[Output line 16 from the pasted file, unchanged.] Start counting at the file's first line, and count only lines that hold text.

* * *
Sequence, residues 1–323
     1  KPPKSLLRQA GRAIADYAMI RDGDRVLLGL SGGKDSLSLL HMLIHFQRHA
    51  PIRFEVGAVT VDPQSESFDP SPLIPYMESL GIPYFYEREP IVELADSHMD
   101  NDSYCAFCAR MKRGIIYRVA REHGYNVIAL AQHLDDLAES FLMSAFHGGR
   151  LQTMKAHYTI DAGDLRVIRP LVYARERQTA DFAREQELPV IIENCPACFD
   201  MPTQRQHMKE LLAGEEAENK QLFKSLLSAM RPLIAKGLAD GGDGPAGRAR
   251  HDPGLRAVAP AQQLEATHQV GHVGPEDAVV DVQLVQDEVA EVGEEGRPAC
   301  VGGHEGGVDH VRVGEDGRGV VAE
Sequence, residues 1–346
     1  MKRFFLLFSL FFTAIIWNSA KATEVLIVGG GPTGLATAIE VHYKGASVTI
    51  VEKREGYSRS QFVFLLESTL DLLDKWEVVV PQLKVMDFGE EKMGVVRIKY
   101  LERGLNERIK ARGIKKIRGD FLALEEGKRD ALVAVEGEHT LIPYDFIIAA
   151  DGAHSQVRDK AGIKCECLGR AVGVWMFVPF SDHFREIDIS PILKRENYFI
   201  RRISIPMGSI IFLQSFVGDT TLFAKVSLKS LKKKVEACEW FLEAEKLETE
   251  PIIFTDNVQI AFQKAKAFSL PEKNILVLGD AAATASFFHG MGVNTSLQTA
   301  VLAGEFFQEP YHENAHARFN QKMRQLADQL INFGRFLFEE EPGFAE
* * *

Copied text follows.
   301  VLAGEFFQEP YHENAHARFN QKMRQLADQL INFGRFLFEE EPGFAE